Current assets increased by $86.7 million. Net accounts receivable increased by $47.8 million. Days sales outstanding (“DSO”) was calculated at 62 days at September 30, 2013 and 59 days at December 31, 2012 which was affected by both acquired receivables and the number of collection days in September 2013. Cash and cash equivalents at September 30, 2013 included $41.0 million, offset by an equivalent amount in other current liabilities that is to be used for recalled product reimbursement. Current liabilities increased by $80.5 million, primarily related to product reimbursement liability, accrued income taxes, and deferred consideration for acquisitions which is considered short term debt.
Net Cash Provided or Used: Net cash provided by operating activities increased $58.1 million, or 21.0%, to $335.3 million during the nine months ended September 30, 2013 compared to $277.1 million for the comparable period in 2012. Cash provided by operations as a ratio to net income is 143% and 139% for the nine months ended September 30, 2013 and 2012, respectively.
Net cash used in investing activities for the nine months ended September 30, 2013 was $186.2 million compared to $199.0 million in the comparable period in 2012. We used $16.2 million less in funds to acquire new businesses in 2013. Our capital expenditures increased by $2.7 million, and as a percentage of revenues it decreased to 3.4% in 2013 from 3.7% in 2012.
Net cash used in financing activities was $115.0 million during the nine months ended September 30, 2013 compared to $86.0 million in the comparable period in 2012. We had share repurchases of $114.5 million in 2013 compared to $2.9 million in 2012. In 2013, we had $5.1 million of net borrowings on our senior credit facility compared to $96.6 million of net repayments in the same period in 2012.
Guarantees: We have guaranteed a loan to JPMorganChase Bank N.A. on behalf of Shiraishi-Sogyo Co. Ltd (“Shiraishi”). Shiraishi is a customer in Japan that is expanding its medical waste management business and has a loan with a current balance of $5.0 million with JPMorganChase Bank N.A. that matures on May 31, 2014. We also have extended loans to Shiraishi for approximately $15.5 million, reflected in the Consolidated Balance Sheet as part of long term "Other assets", in support of its medical waste business. There is a collateral agreement in place on the assets of Shiraishi and related companies in support of amounts owed.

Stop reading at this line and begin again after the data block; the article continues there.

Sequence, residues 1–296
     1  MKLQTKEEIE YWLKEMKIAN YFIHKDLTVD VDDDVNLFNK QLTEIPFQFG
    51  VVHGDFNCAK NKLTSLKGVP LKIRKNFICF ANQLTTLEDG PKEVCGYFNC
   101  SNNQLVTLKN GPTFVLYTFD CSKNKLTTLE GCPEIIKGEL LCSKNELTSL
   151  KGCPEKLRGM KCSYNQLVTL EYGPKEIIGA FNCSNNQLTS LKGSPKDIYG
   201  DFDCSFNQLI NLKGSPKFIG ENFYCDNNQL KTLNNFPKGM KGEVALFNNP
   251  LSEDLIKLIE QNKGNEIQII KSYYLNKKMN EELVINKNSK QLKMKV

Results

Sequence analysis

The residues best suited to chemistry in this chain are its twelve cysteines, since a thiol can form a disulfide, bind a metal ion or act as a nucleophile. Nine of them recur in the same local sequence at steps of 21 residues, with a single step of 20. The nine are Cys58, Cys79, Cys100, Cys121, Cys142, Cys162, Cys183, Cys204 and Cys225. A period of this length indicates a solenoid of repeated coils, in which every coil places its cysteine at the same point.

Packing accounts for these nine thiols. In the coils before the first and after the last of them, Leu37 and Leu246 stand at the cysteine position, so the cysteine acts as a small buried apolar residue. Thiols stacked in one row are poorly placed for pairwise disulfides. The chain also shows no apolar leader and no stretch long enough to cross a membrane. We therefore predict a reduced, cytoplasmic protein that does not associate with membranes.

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ITEM 3. QUANTITATIVE AND QUALITATIVE DISCLOSURES ABOUT MARKET RISK
We are subject to market risks arising from changes in interest rates. Our potential additional interest expense over one year that would result from a hypothetical, instantaneous and unfavorable change of 100 basis points in the interest rate on all of our variable rate obligations would be approximately $3.8 million on a pre-tax basis.
We have exposure to commodity pricing for gas and diesel fuel for our trucks and for the purchase of containers and boxes. We do not hedge these items to manage the exposure.
We have exposure to foreign currency fluctuations. We have subsidiaries in eleven foreign countries whose functional currency is the local currency. Changes in foreign currency exchange rates could unfavorably impact our consolidated results of operations.

ITEM 4. CONTROLS AND PROCEDURES

Disclosure Controls and Procedures

Our management, with the participation of our President and Chief Executive Officer and our Chief Financial Officer, conducted an evaluation of the effectiveness of our disclosure controls and procedures as of the end of the fiscal quarter covered by this Report. On the basis of this evaluation, our President and Chief Executive Officer and our Chief Financial Officer each concluded that our disclosure controls and procedures were effective.

The term “disclosure controls and procedures” is defined in Rule 13a-15(e) of the Securities Exchange Act of 1934 as “controls and other procedures designed to ensure that information required to be disclosed by the issuer in the reports, files or submits under the Act is recorded, processed, summarized and reported, within the time periods specified in the Securities and Exchange Commission’s rules and forms.” Our disclosure controls and procedures are designed to ensure that material information relating to us and our consolidated subsidiaries is accumulated and communicated to our management, including our President and Chief Executive Officer and our Chief Financial Officer, as appropriate to allow timely decisions regarding our required disclosures.

Internal Control Over Financial Reporting

The term internal control over financial reporting is defined as a process designed by, or under the supervision of, the issuers’ principal executive and principal financial officers, and effected by the issuer’s Board of Directors, management, and other personnel, to provide reasonable assurance regarding the reliability of financial reporting and the preparation of financial statements for external purposes in accordance with generally accepted accounting principles. During the quarter ended September 30, 2013, there were no changes in our internal controls over financial reporting that have materially affected, or are reasonably likely to materially affect, our internal controls over financial reporting.